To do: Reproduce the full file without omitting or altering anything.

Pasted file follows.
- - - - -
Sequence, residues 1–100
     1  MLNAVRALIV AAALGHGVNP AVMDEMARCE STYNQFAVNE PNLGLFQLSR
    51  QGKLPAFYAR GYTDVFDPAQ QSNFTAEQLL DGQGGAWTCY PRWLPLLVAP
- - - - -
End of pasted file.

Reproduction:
Sequence, residues 1–100
     1  MLNAVRALIV AAALGHGVNP AVMDEMARCE STYNQFAVNE PNLGLFQLSR
    51  QGKLPAFYAR GYTDVFDPAQ QSNFTAEQLL DGQGGAWTCY PRWLPLLVAP